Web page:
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Polyrhythmics

(Friday, Feb. 8)

Some funk bands keep it vintage and tight, like the throwback groups on Daptone Records, while others get contemporary and broad, like the jazz-ish collective Snarky Puppy.

This Seattle band is very much in the old-school category, no matter which type of record crate they're digging in: afrobeat, funk, psych soul, etc. Their instrumental songs have vacuumed-sealed, melodic arrangements and tight soloing, with a horn section backed by three percussionists.

They play the Top Hat, with doors at 9:30 p.m. and a show at 10:15 p.m. The opener is Sweatshop Sneakers. (CW)

Charcoal Squids

(Sunday, Feb. 10)

KFGM’s Ballroom Sessions continues its live events with psych-fuzz trio Charcoal Squids, who will perform and answer interview questions during a single session Sunday afternoon.

Ticket are $8 apiece. Show from 3:30 p.m. to 6 p.m. (PF)

Richard Thompson Electric Trio and Ryley Walker

(Sunday, Feb. 10)

Richard Thompson will bring his trio for an electric show at the Wilma.

His career dates back to Fairport Convention, the late '60s folk trio, through his classic work with wife Linda Thompson, and now his solo work.

His most recent album, "13 Rivers," shows the songwriting quality's still high, and the guitar is as good as ever — expressive and counter–intuitive streams of phrases halfway between an eccentric blues record and an old folk track, sometimes piped through a distortion pedal. It's a homemade sound, distinctly his, that's far from the blues-based noodling sometimes associated with '60s guitarists.

His opener is Ryley Walker, an outsider folk guitarist whose work has been picked up on Rolling Stone, Pitchfork, and the New York Times. He'll be playing on solo six-string acoustic, and on Twitter has invited audiences to come watch him "get dunked on" by Thompson.

The Wilma doors open at 7 p.m., the show's at 8. Tickets are $30-$40, all ages, available at logjampresents.com, the Top Hat box office, or 877-987-6487. (CW)

Ryley Walker: Acoustic guitarist on getting into folk and noisier music

Guster

(Monday, Feb. 11)

This classic indie band is touring off their eighth record “Look Alive,” which brings ‘80s and ‘90s synth influences to their jangly guitar pop sound.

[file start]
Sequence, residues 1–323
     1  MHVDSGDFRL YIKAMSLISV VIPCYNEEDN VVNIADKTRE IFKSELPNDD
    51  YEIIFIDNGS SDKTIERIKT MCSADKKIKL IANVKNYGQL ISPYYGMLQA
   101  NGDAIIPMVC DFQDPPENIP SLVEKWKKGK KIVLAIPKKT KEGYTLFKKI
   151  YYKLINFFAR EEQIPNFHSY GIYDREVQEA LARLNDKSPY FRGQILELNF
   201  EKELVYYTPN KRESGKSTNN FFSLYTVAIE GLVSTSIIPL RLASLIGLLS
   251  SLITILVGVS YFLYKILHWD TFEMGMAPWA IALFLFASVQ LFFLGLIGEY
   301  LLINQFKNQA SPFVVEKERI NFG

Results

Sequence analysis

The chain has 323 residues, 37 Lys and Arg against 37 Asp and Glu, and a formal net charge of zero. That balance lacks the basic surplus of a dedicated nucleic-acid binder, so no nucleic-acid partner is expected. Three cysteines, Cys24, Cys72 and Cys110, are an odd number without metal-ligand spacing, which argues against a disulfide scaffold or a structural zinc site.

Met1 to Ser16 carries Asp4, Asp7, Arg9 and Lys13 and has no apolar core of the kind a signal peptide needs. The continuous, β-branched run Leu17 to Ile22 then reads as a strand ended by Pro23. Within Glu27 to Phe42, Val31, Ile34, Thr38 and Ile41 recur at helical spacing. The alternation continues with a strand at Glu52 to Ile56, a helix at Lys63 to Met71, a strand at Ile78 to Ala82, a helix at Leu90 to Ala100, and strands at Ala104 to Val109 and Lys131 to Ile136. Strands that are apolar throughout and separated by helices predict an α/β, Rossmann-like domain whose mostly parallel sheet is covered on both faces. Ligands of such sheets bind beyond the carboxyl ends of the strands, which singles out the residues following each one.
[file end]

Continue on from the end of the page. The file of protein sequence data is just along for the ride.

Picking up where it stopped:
This ends up echoing artists like Tears for Fears, Depeche Mode and Peter Gabriel, according to drummer Brian Rosenworcel’s press writeup. But, as they have announced with many of their records throughout the years, Guster needed to switch it up, recording this record in a keyboard museum in Calgary and steering clear of “another f---ing Beatles pastiche,” as their producer yelled at them one day.

There’s plenty left of the band who soundtracked early-aughts summer drives with hits like “Satellite” and Amsterdam,” though, underneath the new toys.

Henry Jamison opens at the Top Hat.

Doors at 8:30 p.m. show at 9 p.m. Tickets are $25. (PF)

Turkuaz and Eminence Ensemble

(Tuesday, Feb. 12)

Heavy funk, electrified but not too touched by EDM, Turkuaz of Brooklyn keep it partially retro in their sounds while the arrangements are aware of pop. Their opener Eminence Ensemble are older-school, with a sound and set list that fits in both funk and Allman Brothers ("Whipping Post").

Doors at the Top Hat open at 9:30 p.m. and the show starts at 10:15. Cover is $18 in advance or $20 the day of show, all ages, available at logjampresents.com, the Top Hat box office, or 877-987-6487. (CW)

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Arts and entertainment

Arts and entertainment

arts reporter for the Missoulian.